This margarita was not supposed to be here today.
This margarita was supposed to be a different kind of margarita instead.
And then it was supposed to be a cake, but that’s another story for another day.
Today’s story is about my quest to make you a delightfully southwestern margarita full of prickly pear juice and limes and tequila.
Unfortunately, both prickly pears (also known as “cactus pears”) and limes were in short supply in my neighborhood. Which is funny because I distinctly remember almost buying a bunch of them last week, but not knowing what I would do with them so deciding against it. As luck would have it, now that I wanted to use them, they were nowhere in sight.
I searched my store high and low for those same prickly pears that were piled high just last week and finally found two hiding underneath some mini bananas. I quickly grabbed them up and immediately regretted my decision.
To say they were “over-ripe” would be an understatement. They basically turned to mush in my hands. Those poor two prickly pears had probably been hiding under those bananas for weeks, months, or maybe even years… thinking they were safe… until I came along.
Ok, so maybe not years. But definitely for awhile. It probably doesn’t help that bananas tend to help things ripen. Did you know that? It’s a very helpful factoid when you are stuck with an underripe avocado and a craving for guacalmole.
Would you like to know another helpful factoid? Prickly pears are prickly, and not just in the way you might think.
Stores often remove the fruit’s larger spines to help save their poor customers’ hands. What they do not always remove, however, are the super tiny, almost invisible, hairlike spines that grow on them as a secondary defense.
At least, my store doesn’t… So after I set down my prickly pear mush, I discovered that my hands were now covered in tiny, almost invisible, cactus needles. My poor poor hands.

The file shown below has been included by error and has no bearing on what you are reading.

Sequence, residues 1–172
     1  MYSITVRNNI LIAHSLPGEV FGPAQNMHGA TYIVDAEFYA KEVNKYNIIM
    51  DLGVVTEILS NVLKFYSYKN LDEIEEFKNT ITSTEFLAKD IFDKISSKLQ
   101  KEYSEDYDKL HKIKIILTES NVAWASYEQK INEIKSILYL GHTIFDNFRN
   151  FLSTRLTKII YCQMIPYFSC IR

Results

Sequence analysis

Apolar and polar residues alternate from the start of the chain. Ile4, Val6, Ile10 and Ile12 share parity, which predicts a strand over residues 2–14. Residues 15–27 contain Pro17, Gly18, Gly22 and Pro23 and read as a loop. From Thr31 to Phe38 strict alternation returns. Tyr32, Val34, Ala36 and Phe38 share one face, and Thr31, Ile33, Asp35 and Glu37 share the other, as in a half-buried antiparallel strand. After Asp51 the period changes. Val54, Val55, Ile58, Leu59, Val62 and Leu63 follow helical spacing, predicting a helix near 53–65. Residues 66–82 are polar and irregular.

Have you ever tried grocery shopping or driving a car with thousands* of needles poking into your hand? It’s rather difficult.
*Ok, so maybe it was more like ten…
I grabbed the tweezers when I got home and immediately began my emergency surgery. Time spent holding prickly pears: approximately 6 seconds. Time spent looking for and removing tiny cacti needles out of my had: approximately 26 minutes.
Lesson learned – always wear gloves when touching cacti-related objects. No matter how safe they look.
You know what’s not prickly? Watermelons.
Watermelons are quite smooth, actually. In fact, watermelons may be one of the least prickly things on the planet.
I’m not sure if there have been scientific studies or not to back this up, but if there were I’m pretty sure they would uphold my hypothesis.
Unfortunately, watermelons are also not prickly pears. They do, however, have a similar flavor profile. While I would say prickly pears are a bit sweeter than watermelons, Shannon aptly described them as, “A prickly pear is like if a watermelon and some bubble gum had a baby.” I couldn’t have said it better myself.
So, this Cinco de Mayo, I give to you a not-prickly-pear margarita. No gloves or tweezers necessary. Limes, however, are necessary. You do not want to be out running around to four different stores at the last minute because you realize that you are a big dummy and you forgot to get limes.
If you need more ideas for you Cinco de Mayo fiesta, you can check out this roundup.
- 1 cup watermelon, cubed
- 1/4 cup tequila (I use Sauza blanco)
- 2 Tablespoons simple syrup
- 2 Tablespoons lime juice (about 1 lime)
- 1 Tablespoon Cointreau
- 1 lime, sliced (for garnish)
- Process watermelon in a blender until liquified. Strain if necessary to remove any seeds.
- In a large cup or shaker, combine watermelon puree, tequila, cointreau, simple syrup, and juice of one lime. Shake or stir with ice to combine.
- Strain into ice-filled glass and garnish with lime slice to serve.